The chapel had been built early in the 15th century by Felice Michele di Piuvichese Brancacci, a noble Florentine. Masaccio's work in it began probably in 1423, and continued at intervals until he finally quitted Florence in 1428. There is a whole library shelf of discussion as to what particular things were done by Masaccio and what by Masolino, and long afterwards by Filippino Lippi, in the Brancacci Chapel, and also as to certain other paintings by Masaccio in the Carmine. He began with a trial piece, a majestic figure of St. Paul, not in the chapel; this has perished. A monochrome of the Procession for the Consecration of the Chapel, regarded as a wonderful example, for that early period, of perspective and of grouping, has also disappeared; it contains portraits of Filippo Brunelleschi, Donatello and many others. In the cloister of the Carmine was discovered a portion of a fresco by Masaccio representing a procession; but this, being in colors and not in monochrome, does not appear to be the Brancaci procession. As regards the works in the Brancacci chapel itself, the prevalent opinion now is that Masolino, who used to be credited with a considerable portion of them, did either nothing, or at most the solitary compartment which represents St. Peter restoring Tabitha to life, and the same saint healing a cripple. The share which Filippino Lippi bore in the work admits of little doubt; to him are due various items on which the fame of Masaccio used principally to be based -- as for instance the figure of St. Paul addressing Peter in prison, which Raphael partly appropriated; and hence it may be observed that an eloquent and often-quoted outpouring of Joshua Reynolds in praise of Masaccio ought in great part to be transferred to Filippino. What Masaccio really painted in the chapel appears with tolerable certainty to be as follows, and is ample enough to sustain the high reputation he has always enjoyed: (1) The "Temptation of Adam and Eve"; (2) "Peter and the Tribute-Money"; (3) The "Expulsion from Eden"; (4) "Peter Preaching"; (5) "Peter Baptizing"; (6) "Peter Almsgiving"; (7) "Peter and John curing the Sick"; (8) "Peter restoring to Life the Son of King Theophilus of Antioch" was begun by Masaccio, including the separate incident of "Peter Enthroned", but a large proportion is by Filippino; (9) the double subject already allotted to Masolino may perhaps be by Masaccio, and in that case it must have been one of the first in order of execution. A few words may be given to these pictures individually. (1) The "Temptation" shows a degree of appreciation of nude form, corresponding to the feeling of the antique, such as was at that date unexampled in painting. (2) The "Tribute-Money", a full, harmonious and expressive composition, contains a head reputed to be the portrait of Masaccio himself -- one of the apostles, with full locks, a solid resolute countenance and a pointed beard. (3) The "Expulsion" was so much admired by Raphael that, with comparatively slight modifications, he adopted it as his own in one of the subjects of the Logge of the Vatican. (5) "Peter Baptizing" contains some nude figures of strong naturalistic design; that of the young man, prepared for the baptismal ceremony, who stands half-shivering in the raw air, has always been a popular favorite and an object of artistic study. (8) The restoration of the young man to life has been open to much discussion as to what precise subject was in view, but the most probable opinion is that the legend of King Theophilus was intended.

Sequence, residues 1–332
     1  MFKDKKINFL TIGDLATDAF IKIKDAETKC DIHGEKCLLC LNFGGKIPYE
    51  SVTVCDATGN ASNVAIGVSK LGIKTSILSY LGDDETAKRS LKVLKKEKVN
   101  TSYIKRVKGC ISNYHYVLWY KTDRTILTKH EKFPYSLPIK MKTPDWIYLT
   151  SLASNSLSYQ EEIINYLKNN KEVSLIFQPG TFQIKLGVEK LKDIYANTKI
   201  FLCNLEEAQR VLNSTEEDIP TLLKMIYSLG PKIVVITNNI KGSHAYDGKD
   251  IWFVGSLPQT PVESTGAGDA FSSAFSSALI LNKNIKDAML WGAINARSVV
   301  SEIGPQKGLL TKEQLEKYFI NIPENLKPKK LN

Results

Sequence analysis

In 1427 Masaccio was living in Florence with his mother, then for the second time a widow, and with his younger brother Giovanni, a painter of no distinction; he possessed nothing but debts. In 1428 he was working, as we have seen, in the Brancacci chapel. Before the end of that year he disappeared from Florence, going, as it would appear, to Rome, to evade the importunities of creditors. Immediately afterwards, in 1429, when his age was twenty-seven or twenty-eight, he was reported dead. Poisoning by jealous rivals in art was rumored, but of this nothing is known. The statement that several years afterwards, in 1443, he was buried in the Florentine Church of the Carmine, without any monument, seems to be improbable, and to depend upon a confused account of the dates, which have now, after long causing much bewilderment, been satisfactorily cleared up from extant documents.